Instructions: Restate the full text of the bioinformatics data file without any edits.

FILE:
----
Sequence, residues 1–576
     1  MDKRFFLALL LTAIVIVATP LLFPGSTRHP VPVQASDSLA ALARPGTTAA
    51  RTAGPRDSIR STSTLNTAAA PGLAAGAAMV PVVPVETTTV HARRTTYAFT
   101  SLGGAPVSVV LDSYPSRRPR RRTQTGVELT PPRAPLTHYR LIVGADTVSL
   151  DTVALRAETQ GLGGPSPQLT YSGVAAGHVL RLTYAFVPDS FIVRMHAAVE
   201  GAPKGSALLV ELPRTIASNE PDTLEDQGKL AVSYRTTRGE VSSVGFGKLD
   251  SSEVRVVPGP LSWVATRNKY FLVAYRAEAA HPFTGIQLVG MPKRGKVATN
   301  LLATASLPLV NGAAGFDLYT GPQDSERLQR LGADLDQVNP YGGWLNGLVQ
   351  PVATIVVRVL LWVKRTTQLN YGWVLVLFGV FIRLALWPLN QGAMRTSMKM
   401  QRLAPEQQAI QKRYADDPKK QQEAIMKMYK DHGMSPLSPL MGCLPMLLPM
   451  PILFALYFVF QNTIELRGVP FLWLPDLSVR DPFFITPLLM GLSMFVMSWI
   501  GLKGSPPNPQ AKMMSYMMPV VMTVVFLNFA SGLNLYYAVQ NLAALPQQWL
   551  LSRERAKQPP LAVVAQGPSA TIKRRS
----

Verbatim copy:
Sequence, residues 1–576
     1  MDKRFFLALL LTAIVIVATP LLFPGSTRHP VPVQASDSLA ALARPGTTAA
    51  RTAGPRDSIR STSTLNTAAA PGLAAGAAMV PVVPVETTTV HARRTTYAFT
   101  SLGGAPVSVV LDSYPSRRPR RRTQTGVELT PPRAPLTHYR LIVGADTVSL
   151  DTVALRAETQ GLGGPSPQLT YSGVAAGHVL RLTYAFVPDS FIVRMHAAVE
   201  GAPKGSALLV ELPRTIASNE PDTLEDQGKL AVSYRTTRGE VSSVGFGKLD
   251  SSEVRVVPGP LSWVATRNKY FLVAYRAEAA HPFTGIQLVG MPKRGKVATN
   301  LLATASLPLV NGAAGFDLYT GPQDSERLQR LGADLDQVNP YGGWLNGLVQ
   351  PVATIVVRVL LWVKRTTQLN YGWVLVLFGV FIRLALWPLN QGAMRTSMKM
   401  QRLAPEQQAI QKRYADDPKK QQEAIMKMYK DHGMSPLSPL MGCLPMLLPM
   451  PILFALYFVF QNTIELRGVP FLWLPDLSVR DPFFITPLLM GLSMFVMSWI
   501  GLKGSPPNPQ AKMMSYMMPV VMTVVFLNFA SGLNLYYAVQ NLAALPQQWL
   551  LSRERAKQPP LAVVAQGPSA TIKRRS